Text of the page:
POSTSCRIPT: Under the leadership of recreation director Bethany Ortmann, the F.I.T. Center is getting some new equipment this year and Ms. Ortmann has also launched some new programs.


County Budget Review Office has message for South Ferry

It was 10 years ago that South Ferry sought a hike in its rates. An analysis for the Suffolk County Budget Review Office (BRO) told South Ferry principals that a proposed rate hike leaned too heavily on occasional users and too little on residents and regular commuters.

The proposal called for raising the one-way fare from $10 to $12 while residents, who paid $4.70 for a round trip would pay $5.20 and the general round trip discount fare would go from $7.50 to $8.50.

Advice from the BRO to the full Suffolk County Legislature was to seek a restructuring that would shift some of the savings to the more occasional commuter.

POSTSCRIPT: South Ferry has been mum about whether there’s any new fare hike being contemplated in the foreseeable future.


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February 18, 2018 - School honors ‘decency’

JULIE LANE PHOTO A simple word says it all about the goal of the Shelter Island School community.

JULIE LANE PHOTO A simple word says it all about the goal of the Shelter Island School community.

When a student is called to the superintendent’s or principal’s office, it typically means trouble. Not the case for a group of students so far called to be honored for their random acts of kindness to others.

They come in wondering what they have done wrong and are told they are school heroes and often don’t even remember what is so special about their behavior because decency is the standard that has been set and to which most naturally gravitate, according to Superintendent Christine Finn, who talked about the honors at Monday night’s Board of Education meeting.

A mural was created by Reporter cartoonist and artist Peter Waldner (see above)  at the school to honor to the students.

It’s all part of the ongoing “decency” campaign campaign that was created by Islander Lisa Cholnoky and featured in a February 1 Reporter story.


The district held another lockdown drill aimed at protecting students and staff in the event a threatening intruder enters the building. Students are told that the exercise is a drill so as not to cause any alarm, but their responses are expected to be exactly what the school and police have deemed are necessary if a real situation happened, Ms. Finn told the Board of Education.

The one change she will make going forward is to post signs on the door during such a drill so that parents or other visitors trying to enter the building are aware of what is happening.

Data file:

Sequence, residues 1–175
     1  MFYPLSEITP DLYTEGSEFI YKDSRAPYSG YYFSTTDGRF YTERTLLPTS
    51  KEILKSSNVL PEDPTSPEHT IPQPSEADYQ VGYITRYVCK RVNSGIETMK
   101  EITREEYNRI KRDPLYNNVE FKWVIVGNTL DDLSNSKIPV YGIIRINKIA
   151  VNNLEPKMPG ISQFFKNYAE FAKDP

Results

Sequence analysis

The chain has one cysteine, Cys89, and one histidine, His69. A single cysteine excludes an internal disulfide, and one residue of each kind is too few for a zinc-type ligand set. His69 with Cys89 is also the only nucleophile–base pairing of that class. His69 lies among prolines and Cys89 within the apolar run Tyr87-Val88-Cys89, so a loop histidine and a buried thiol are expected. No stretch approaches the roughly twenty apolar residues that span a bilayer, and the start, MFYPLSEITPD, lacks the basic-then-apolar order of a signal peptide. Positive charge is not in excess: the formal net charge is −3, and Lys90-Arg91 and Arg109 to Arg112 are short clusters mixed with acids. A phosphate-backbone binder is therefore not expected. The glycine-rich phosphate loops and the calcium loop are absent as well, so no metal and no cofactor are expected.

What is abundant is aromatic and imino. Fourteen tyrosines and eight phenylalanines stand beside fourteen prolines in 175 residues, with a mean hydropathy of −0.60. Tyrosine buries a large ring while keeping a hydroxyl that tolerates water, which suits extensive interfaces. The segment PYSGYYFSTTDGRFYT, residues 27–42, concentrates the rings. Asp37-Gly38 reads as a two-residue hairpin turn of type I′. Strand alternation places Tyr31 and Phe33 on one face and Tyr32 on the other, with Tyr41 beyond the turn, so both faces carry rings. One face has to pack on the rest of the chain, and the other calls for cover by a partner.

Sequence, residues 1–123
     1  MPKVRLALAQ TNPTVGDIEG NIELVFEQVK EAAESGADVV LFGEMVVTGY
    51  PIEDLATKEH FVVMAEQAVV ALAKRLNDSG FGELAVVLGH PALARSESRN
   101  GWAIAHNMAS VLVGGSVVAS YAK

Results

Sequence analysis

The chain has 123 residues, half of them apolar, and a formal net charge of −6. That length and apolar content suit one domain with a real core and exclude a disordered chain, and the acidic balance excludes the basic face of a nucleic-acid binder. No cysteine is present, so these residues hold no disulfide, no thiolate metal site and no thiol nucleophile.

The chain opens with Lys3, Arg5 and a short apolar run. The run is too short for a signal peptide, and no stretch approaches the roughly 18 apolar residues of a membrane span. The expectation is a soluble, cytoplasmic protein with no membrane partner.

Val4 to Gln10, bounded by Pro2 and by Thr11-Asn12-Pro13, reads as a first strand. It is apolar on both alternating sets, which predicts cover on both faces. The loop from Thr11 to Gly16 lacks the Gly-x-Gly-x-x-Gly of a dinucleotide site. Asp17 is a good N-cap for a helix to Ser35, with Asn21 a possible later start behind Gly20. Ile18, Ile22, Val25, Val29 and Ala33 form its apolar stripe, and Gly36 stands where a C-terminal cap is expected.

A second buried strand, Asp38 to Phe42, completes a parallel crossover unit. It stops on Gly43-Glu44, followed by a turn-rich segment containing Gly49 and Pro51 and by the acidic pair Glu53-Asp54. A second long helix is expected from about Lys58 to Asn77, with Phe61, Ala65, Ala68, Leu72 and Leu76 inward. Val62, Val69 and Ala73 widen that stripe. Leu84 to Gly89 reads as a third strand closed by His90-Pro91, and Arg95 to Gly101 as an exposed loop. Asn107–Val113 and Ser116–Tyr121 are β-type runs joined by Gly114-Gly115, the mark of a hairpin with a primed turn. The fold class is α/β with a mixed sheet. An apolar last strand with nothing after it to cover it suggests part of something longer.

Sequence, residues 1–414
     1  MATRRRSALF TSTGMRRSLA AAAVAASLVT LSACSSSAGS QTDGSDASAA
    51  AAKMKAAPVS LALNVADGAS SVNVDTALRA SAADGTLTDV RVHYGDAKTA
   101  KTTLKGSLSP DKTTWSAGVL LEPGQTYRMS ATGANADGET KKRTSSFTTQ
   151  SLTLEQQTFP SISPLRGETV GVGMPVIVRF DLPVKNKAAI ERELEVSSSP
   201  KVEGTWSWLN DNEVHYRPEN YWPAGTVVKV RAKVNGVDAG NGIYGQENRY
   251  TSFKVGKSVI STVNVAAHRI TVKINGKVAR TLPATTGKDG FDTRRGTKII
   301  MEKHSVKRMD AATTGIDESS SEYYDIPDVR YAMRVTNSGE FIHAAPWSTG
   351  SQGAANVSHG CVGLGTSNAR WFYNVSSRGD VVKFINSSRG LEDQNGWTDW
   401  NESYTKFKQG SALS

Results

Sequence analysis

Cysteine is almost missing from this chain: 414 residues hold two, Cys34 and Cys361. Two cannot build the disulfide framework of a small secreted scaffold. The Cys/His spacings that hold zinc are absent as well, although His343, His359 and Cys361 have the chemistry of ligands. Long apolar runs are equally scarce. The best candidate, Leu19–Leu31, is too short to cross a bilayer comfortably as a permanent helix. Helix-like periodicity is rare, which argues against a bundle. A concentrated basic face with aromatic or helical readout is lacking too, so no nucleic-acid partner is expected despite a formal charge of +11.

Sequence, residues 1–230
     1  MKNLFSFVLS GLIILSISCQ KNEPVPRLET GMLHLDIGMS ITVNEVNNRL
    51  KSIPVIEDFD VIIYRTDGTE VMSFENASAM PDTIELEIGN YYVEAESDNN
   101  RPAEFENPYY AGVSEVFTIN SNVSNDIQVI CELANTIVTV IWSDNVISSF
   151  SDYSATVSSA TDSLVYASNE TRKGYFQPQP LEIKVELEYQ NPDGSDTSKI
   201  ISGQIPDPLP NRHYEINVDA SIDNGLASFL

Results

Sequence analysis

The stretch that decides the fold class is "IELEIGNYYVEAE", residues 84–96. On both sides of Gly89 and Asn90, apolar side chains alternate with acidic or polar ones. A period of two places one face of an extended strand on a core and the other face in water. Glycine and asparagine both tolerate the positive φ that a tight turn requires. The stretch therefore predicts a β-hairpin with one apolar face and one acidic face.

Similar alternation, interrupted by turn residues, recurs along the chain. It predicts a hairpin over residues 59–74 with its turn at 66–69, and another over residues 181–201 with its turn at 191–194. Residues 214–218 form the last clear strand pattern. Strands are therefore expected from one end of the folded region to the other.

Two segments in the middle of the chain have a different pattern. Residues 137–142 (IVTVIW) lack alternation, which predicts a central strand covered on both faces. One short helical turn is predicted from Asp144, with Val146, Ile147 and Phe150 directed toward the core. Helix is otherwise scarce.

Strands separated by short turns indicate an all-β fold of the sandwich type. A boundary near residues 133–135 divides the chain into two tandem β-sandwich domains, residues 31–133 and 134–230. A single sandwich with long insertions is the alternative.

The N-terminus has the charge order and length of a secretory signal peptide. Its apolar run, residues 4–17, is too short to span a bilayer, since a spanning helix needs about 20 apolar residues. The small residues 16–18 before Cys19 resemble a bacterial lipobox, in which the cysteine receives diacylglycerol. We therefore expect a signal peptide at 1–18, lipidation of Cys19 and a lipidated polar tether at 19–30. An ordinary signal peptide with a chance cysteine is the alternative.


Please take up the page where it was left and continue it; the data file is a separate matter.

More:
Details of drill responses are not made public to maximize protection for those who could be targets of any intruder, but at each drill, police and school officials work together to identify any security lapses and to make adjustments as necessary.

In other business, the Board of Education:

• Will decide on whether to grant a request from teacher Michelle Corbett to take 11th graders on a one-day field trip to New York City on April 17 to visit several sites including the World Trade Center 9/11 Museum. This is the last class that will have been old enough to have lived through the attack on the World Trade Center where those who follow will be looking at the subject as part of the country’s history, but not their own experiences, Ms. Corbett said. She noted that her brother and other family members are or have been firefighters, explaining why the visit of these students who are studying American history in their classrooms is so important to her. Much of the funding comes from two grants Ms. Corbett received, including one from the Shelter Island Educational Foundation.

• Approved a minimum wage increase for cafeteria staff substitutes from $10 to $11 an hour as of December 31, 2017, in line with the New York State wage rate schedule

• Announced that all varsity level players of winter sports have been named scholar-athletes for thei academic achievements and athletic abilities

• Accepted contributions of $2,000 from the Shelter Island Educational Foundation to fund field trips and $700 from the foundation for the proposed New York City History Tour Ms. Corbett outlined.

• Accepted $100 from Robert P. Brown and Katheleen O’Neill Brown for athletic department expenses.

• Endorsed the nomination of former Shelter Island Board president Stephen Gessner to continue to serve on the EAstern Suffolk BOCES Board.


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February 18, 2018 - Shelter Island Photo Op

MARTIN BURKE PHOTO Nature’s abstract art Lichen and bark on a tree on Manhanset Road.

MARTIN BURKE PHOTO Lichen and bark on a tree on Manhanset Road.

The post Shelter Island Photo Op appeared first on Shelter Island Reporter.

News & Events 5.6.15

Dering Harbor Report

By Shelter Island Reporter Julie Lane 05/05/15

WMAC needs details on Dering Harbor dock

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Local News 2.19.18

Richard’s Almanac: A talk with Barbara Silverstone

COURTESY PHOTO | Barbara Silverstone “I believe in turnover of leadership,” Barbara Silverstone told me in an interview last week. Barbara, the Senior Citizen Foundation’s president, took over leadership of the benevolent organization just two ...

Read More